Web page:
Vocal registers

Although the vocal registers are almost never mentioned in connection with children's voices, from my own experience I know that a problem with vocal registers commonly occurs also with children.
If you have the feeling that a child is singing with up to three "different" voices, or his/her voice skips or breaks on some tones, s/he has a problem with balancing vocal registers.
A vocal register is defined as a row of acoustically similar tones, concerning their timbre and sound character. When singing up or down, this tone row (tone sequence) changes individually in some vocal range frequencies into another row of tones which have a completely different sound character. The frequencies where this change occurs are called register transitions (register or voice break) and the tones are called transitional tones. (Only seldom do you see singers with a uniform voice without registers - they are called natural singers. Their entire voice range can be considered a mixed register. It is true that these voices usually do not have a range wider than two octaves, however, this is usually enough).
To put it simply, vocal cords work differently in different registers.

In singing terminology we usually speak about three registers:
Chest register
Middle register
Head register (falsetto)

The chest register is typical for the deep and lower vocal position.
The middle register is typical for the middle and higher vocal position.
The head register is typical for the high vocal position.

It may be interesting to mention that some authors speak only about the chest and head registers and claim that the entire middle register is comprised only of amphoteric tones (tones that can be sung both by the mechanism of the chest and head registers) when a combination of both vocal cord movements occurs. I personally think that it doesn't matter how we name the problem, but rather how we manage to solve it.

In general, when singing, men's vocal cords work mainly in the chest register and women's vocal cords in the head register.
The children naturally use the register that is determined by the structure of their vocal organ and their age. Younger children (and those with an anatomic structure of a higher voice in the future) mostly use a head singing register, because their vocal cords are shorter, and older children (and those with the anatomic structure of a lower voice in the future), when not trained properly, tend to mainly or only use the chest register. A typical example are the boy "natural singers" of folk songs, who may have a "big voice", but who have a very limited vocal range for high tones, because they almost always only use the chest register. When they try sing higher notes, their voice cracks or changes sound character, transitioning into something completely weak and voiceless D72. The reason for this is the inability of the vocal cords to fluently transition into the head register. The little singer works in the chest register for as long as it is possible for his vocal cords; often until they are completely overstrained. The moment when he has gone past the amphoteric tone range, his last chance to start mixing both registers, it becomes physiologically impossible for his vocal cords to create such high tones. Without these transitional tones, the vocal cords have to jump straight into the head register to avoid cramping. This type of singing is very damaging to the vocal cords. On the other hand, children who sing purely or (predominantly) in the head register, have an unusually small range downward. Their vocal cords do not "switch" into the chest register mode at all and therefore work in an unnatural way. This type of singing is typically very weak, whispery and quiet. Every attempt to make the voice stronger ends up either with the voice skipping, or does not work at all. D73.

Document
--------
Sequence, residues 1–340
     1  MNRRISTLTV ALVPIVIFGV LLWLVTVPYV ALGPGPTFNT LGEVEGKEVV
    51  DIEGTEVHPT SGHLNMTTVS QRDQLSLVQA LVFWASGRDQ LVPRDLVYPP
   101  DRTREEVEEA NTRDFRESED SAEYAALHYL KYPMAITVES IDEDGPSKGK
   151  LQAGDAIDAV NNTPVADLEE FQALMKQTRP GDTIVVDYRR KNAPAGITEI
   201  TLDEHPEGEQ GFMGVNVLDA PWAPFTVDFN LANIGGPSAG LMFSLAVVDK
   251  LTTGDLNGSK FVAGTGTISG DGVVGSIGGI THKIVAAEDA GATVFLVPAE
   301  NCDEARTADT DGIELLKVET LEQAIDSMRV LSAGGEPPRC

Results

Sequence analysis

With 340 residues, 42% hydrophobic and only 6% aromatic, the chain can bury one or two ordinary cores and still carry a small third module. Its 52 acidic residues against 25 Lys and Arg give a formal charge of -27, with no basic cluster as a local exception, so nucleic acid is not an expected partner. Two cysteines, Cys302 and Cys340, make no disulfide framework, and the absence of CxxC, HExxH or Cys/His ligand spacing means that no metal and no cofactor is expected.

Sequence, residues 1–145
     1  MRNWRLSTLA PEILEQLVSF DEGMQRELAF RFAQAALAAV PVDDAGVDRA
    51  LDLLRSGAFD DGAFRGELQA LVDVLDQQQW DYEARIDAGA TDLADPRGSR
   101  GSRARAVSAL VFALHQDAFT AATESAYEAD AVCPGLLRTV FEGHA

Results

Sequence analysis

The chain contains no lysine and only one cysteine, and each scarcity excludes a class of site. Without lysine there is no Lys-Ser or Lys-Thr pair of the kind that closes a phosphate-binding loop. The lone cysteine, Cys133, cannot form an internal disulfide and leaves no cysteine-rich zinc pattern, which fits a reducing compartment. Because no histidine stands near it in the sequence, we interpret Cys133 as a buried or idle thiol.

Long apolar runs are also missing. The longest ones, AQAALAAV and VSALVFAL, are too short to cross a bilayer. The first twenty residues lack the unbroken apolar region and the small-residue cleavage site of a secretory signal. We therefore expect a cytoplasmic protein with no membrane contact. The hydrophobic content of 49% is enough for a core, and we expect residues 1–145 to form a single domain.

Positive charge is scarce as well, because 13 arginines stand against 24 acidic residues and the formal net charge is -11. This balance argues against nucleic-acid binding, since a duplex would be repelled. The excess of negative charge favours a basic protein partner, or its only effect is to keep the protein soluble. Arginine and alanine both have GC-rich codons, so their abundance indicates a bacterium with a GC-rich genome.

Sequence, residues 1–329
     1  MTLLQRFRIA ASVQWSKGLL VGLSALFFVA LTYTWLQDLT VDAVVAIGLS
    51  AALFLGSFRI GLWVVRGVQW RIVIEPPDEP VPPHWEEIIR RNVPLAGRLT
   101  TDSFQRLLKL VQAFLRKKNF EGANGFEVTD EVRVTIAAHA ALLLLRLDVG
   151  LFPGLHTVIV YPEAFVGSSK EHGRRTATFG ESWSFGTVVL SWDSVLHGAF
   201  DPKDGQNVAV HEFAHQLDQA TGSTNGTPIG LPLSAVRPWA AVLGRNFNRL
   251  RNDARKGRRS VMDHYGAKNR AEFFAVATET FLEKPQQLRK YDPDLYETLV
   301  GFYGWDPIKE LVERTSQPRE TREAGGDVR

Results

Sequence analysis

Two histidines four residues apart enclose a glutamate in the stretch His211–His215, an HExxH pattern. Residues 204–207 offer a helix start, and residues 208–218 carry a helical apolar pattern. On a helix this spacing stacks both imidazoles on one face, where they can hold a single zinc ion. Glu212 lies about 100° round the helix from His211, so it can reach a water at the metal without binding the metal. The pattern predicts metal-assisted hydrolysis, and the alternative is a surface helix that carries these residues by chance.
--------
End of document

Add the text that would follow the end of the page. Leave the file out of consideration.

For your information, in children the low transitional tone is around d1; the high transitional tone is around d2.